1938 Rolls-Royce Phantom III Four Light Cabriolet by Freestone & Webb
£275,000 | Location: United Kingdom
Perhaps the most outstanding luxury car of the 1930s - certainly to have been built in the United Kingdom - was the Rolls-Royce Phantom III. Introduced in 1936, the 7,340cc V12-engined Phantom III succeeded the Phantom II, the six-cylinder engine of which was considered to be at the end of its development life. The choice of a V12 configuration was a logical one for Rolls-Royce, the company already having had considerable experience of manufacturing V12 aero engines such as that used in the record-breaking Supermarine S6B seaplane. No doubt another consideration was the need to match the multi-cylinder opposition, notably the V16 Cadillac and V12 Hispano-Suiza.
A state-of-the-art design employing advanced materials and techniques such as 'skeleton' cylinder blocks with wet liners and aluminium alloy cylinder heads, the Phantom III V12 produced 165bhp in its debut form.The maximum output was subsequently raised to 180 brake horsepower, which was sufficient to propel later examples to 100mph, earlier models being capable of around 90. Its engine configuration aside, the Phantom III represents an important milestone in the history of Rolls-Royce cars, being the first with independent front suspension. A total of 727 had been manufactured when WW2 halted production, of which around 300 exist worldwide today.
By the late 1930s, coachbuilding design had evolved considerably from the 'Roaring Twenties' days, and there were far fewer open sporting bodies built at all on Rolls-Royce automobiles. Gone were the days of lavish spartan 'Torpedos' that were built on the first two series of Phantom chassis. The fashion was slightly more austere and inclined toward two door 'Drophead Coupes' which offered fully open or fully enclosed road conditions, and were more orientated to the owner-driver market. At the top end, luxury cars were still fully coachbuilt operations though, and the buyer of a Rolls-Royce was certainly in a position to decide precisely how their car would look and for what purpose it would be built, and a few of those clientele commissioned full 'all weather' bodies on the V12 Phantom III chassis. The numbers built were certainly modest at the time, and survivors such as this are even fewer.
Among its higher brow and rare brethren, this is by any standards a rare automobile. It was ordered new by K.L. Bilbrough of Chislehurst in Kent, in the U.K., a wealthy gentleman who was by then the Chairman of the shipping and marine insurance business his father had founded in 1862. The story goes that its unique creation reflected Mr. Bilbrough's previous penchant for driving Packard motorcars, but when he elected to change for the latest model, he discovered to his dismay that the new car would not fit in his garage!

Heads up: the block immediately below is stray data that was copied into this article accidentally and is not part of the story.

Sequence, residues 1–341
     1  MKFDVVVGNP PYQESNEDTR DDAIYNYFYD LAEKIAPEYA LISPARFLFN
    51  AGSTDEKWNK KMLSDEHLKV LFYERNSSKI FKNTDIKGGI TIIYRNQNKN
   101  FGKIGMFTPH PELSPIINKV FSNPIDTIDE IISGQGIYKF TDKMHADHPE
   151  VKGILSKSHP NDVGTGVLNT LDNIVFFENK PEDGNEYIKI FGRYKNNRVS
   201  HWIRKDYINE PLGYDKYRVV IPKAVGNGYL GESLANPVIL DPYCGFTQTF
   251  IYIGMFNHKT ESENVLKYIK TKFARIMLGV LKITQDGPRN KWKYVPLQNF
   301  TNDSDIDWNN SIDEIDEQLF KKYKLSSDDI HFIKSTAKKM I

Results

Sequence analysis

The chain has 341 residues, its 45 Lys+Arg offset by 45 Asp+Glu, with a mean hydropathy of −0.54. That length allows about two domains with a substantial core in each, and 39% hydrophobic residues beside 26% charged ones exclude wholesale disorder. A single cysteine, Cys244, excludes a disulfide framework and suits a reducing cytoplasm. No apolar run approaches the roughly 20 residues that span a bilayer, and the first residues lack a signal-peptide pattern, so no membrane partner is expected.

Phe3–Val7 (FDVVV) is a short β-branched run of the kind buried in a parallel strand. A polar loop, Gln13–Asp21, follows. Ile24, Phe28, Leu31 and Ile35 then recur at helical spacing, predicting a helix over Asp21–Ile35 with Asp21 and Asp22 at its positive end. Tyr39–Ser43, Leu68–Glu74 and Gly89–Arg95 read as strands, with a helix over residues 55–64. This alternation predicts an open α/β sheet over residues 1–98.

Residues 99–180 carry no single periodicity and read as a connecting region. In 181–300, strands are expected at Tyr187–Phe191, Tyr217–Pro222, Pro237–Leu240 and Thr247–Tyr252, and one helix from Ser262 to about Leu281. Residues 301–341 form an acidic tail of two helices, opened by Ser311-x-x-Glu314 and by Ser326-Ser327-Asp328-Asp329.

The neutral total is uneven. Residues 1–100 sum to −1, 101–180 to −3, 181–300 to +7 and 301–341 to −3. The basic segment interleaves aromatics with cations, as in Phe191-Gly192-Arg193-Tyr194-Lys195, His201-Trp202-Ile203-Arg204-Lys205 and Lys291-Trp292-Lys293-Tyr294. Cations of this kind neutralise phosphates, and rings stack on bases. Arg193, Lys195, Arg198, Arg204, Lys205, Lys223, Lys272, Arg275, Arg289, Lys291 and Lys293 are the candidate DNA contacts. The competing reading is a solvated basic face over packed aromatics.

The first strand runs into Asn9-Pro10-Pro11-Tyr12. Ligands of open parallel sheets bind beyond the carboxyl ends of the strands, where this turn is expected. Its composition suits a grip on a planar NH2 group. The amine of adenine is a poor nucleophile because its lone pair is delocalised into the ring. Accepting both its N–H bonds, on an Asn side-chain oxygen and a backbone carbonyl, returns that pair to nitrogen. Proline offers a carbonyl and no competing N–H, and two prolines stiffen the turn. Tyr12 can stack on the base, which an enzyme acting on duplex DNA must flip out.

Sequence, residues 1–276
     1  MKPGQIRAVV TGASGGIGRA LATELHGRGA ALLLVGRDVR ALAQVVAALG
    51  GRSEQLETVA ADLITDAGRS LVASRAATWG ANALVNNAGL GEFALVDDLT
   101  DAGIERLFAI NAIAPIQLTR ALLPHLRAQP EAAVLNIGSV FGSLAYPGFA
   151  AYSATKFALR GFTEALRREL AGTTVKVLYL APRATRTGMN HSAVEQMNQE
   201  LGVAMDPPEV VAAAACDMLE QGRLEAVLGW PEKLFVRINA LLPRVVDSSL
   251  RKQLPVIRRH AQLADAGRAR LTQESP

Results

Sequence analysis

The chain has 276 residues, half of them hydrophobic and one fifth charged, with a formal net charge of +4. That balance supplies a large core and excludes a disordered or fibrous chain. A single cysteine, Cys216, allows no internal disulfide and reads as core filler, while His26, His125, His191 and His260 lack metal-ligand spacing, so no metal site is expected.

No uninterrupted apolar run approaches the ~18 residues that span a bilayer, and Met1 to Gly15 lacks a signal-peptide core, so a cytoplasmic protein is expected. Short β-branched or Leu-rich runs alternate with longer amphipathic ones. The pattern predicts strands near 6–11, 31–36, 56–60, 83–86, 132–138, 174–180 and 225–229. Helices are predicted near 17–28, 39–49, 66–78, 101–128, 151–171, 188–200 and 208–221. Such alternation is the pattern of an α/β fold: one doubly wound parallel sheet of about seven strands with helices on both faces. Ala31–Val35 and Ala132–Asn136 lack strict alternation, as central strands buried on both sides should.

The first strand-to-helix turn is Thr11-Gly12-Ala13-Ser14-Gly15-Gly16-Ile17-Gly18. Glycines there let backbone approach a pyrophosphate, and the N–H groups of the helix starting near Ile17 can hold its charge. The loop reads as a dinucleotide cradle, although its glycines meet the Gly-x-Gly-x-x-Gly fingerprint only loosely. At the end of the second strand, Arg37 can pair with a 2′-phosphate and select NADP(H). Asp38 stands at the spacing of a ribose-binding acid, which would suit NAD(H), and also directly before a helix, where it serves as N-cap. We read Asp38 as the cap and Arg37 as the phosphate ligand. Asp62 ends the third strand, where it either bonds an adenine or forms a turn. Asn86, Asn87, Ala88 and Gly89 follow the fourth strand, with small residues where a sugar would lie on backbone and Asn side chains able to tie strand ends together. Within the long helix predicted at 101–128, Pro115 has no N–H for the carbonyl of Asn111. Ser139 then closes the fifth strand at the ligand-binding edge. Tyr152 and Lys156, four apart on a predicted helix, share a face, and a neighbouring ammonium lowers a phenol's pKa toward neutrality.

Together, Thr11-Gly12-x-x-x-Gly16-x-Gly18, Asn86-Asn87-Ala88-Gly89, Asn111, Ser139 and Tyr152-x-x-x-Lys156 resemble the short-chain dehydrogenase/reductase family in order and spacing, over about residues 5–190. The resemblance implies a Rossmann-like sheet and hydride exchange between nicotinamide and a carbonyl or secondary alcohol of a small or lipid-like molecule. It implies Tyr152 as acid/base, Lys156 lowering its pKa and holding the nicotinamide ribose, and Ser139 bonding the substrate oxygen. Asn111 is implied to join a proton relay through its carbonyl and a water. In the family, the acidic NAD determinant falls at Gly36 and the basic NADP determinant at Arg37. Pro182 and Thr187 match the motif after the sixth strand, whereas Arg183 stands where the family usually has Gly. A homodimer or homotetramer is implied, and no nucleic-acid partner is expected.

At this point, two domestic companies took over the mantel, Rolls-Royce and Freestone and Webb. Stipulating that the car must not exceed 17 feet, 7 inches, even with its bumpers fitted, the coachwork was designed. Other intriguing specifics were required, in order to match the central gear-change lever that he was used to in his Packard, the Rolls-Royce was built in this way also, it being the sole example of this model so equipped. White faced instruments were required with black numerals and bezels, and they were to be on a dash panel rather than in the standard cluster. No clock was fitted, nor a Spirit of Ecstasy hood ornament either. Further, he required that it be registered for the road with a license plate that he wouldn't forget, that number was 'FKN1', and when it was delivered to him it must have its odometer zeroed.
There were a number of slightly dated aspects to the order, such as the fitment of a bulb horn when electric horns were of course then the norm, and a four piece windshield which harked back to 1920s coachwork styles more than current traits.
Freestone and Webb's design drawings and photos taken in period by Chas. Bowers confirm that the car was very much completed as specified. In fact it must have made quite an impression as Autocar featured the finished Phantom in their magazine in July 1939.
It can also be safely assumed that Mr. Bilbrough was happy with his purchase as he would retain it for more than 23 years, in fact until his death in 1962, at the considerable age of 90. At this point the Rolls was sold by his estate, having covered a little under 34,000 miles in its lifetime.
The next owner again kept the car until his passing in 2007, a lengthy 45 years of custodianship, at this point the ownership passed to his son. The son retained ownership for another 7 years, a cumulative ownership of 52 years within the same family.
This unique Phantom III must have had one of the simplest lives of any of these cars and for the most part remains highly original in detail and true to the form in which it was delivered new, save for a repaint to its fenders and re-upholstery of its seating areas, but never receiving a full restoration.
Its mileage remains extremely low, particularly for these motors, at only 35,014 miles. In more recent times it has been sympathetically maintained by marque experts. She is running smoothly and driving beautifully.